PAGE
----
“Masters of War” By Bob Dylan & “Born in the U.S.A” By Bruce Springsteen Introduction
During the early 1960’s, America was going through difficult and frightening times. Our Nation was then deeply involved with the Cold War and the Cuban Missile Crisis brought the United States and the USSR to the verge of nuclear disaster. Even former President at the time, Eisenhower, warned of the dangers our country could embark. There were many student movements and protests that started movements that showed Americans wanting to create a new America. Citizens challenged the normal lifestyles and institutions, in hoping to change America, in hopes what would lead to withdrawal from the war in Vietnam. These protesters showed their views on materialism, lifestyles, and the path to success in society, and what they wanted to change. The idealism our country had during this time, showed that dramatic challenges and obstacles had taken place. America’s most popular and iconic citizens stepped up a lot during this time, in hopes of having a strong impact of inspiration for Americans. The Cold War was one of the most devastated times for our country due to the fact that it led people to think that this was the start of the failure of the American Dream. The nation needed something that showed rebellion against the country, other than just the words spoken from the government.
Along with all the student movements and protests that were taken into account of normal citizens, they were not the only ones who wanted to make statements on how they felt about the war and what our country was becoming. This was a time of the Civil Rights Movement along with the Anti-War Movement and students strived to become active members of society. One huge impact a movement can have is the influence from a nation’s most iconic and loveable characters, of which is looked up to. In 1963, Bob Dylan released his song, “Masters of War” which was an anti-war protest song that was directed to circumstances America was going through and the damage that was done. Another song that impacted the idealization of America was Bruce Springsteen’s song, “Born in the U.S.A.” Though this song was not released post-Vietnam War, it described what the war did and why it was a pointless act. The lyrics explain how the country once, and because of the war, America was starting to portray itself as something they are not. Both songs equally gave an act of protest and encouragement that led to America feeling the way they did through songs. The rhetorical devices the singers used in the songs, led to success with the correct usage of repetitiveness, imagery, biblical references, and realism. Context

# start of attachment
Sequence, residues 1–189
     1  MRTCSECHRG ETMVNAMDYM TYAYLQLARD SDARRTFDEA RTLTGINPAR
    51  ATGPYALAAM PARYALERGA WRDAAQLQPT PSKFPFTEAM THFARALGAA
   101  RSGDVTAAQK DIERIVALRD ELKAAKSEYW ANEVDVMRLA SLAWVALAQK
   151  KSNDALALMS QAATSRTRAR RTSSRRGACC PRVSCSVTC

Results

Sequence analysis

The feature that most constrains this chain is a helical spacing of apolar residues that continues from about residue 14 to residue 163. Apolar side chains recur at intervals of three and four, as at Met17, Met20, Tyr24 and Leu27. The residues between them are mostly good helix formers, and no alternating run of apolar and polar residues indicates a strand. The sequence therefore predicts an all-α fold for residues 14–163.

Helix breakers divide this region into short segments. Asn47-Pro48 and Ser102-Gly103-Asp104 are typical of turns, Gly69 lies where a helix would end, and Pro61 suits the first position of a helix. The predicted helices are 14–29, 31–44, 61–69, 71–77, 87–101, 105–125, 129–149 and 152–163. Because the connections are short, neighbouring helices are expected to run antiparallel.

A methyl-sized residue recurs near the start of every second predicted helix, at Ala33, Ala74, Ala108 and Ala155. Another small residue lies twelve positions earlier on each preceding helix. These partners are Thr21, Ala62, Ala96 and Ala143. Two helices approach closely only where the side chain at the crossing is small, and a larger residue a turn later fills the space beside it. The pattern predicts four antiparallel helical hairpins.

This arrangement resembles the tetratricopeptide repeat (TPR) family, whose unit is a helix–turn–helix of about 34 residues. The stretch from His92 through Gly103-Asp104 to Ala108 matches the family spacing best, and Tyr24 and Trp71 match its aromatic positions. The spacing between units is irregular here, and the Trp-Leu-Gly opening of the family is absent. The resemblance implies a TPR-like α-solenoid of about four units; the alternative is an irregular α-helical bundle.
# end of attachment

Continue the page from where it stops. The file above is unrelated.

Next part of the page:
Robert Zimmerman, also known as Bob Dylan, is a famous American singer-songwriter, musician, poet and painter. He is best known for being chronicler and well-known figurehead of social unrest. Many of his songs are anthems for the US Civil Rights and Anti-War movements. The songs had a variety of political, social, philosophical, and literacy influences. He generalized many genres of music and his music has explored many aspects of being an “American.” (Dunlap 560) In 1963, he released his song “Masters of War” on the album “The Freewheelin.” His lyrics were about political social, philosophical, and literacy influences. Dylan was only in his early twenties at the time, which was shocking that someone so young wrote a song that is so powerful. The song was written because he wanted a realization of the times, what the war was coming to, and why it became a pointless act rather than means of defense. (Dunlap 550) Dylan was criticizing the fact that Eisenhower warned America about what the war would do and industrial complex. He wanted to carry out the message and get hope to speak on behalf of the citizens of America, along with singing about the values of peace. Listeners were persuaded that Dylan expressed that he felt this war was basically pumping money...
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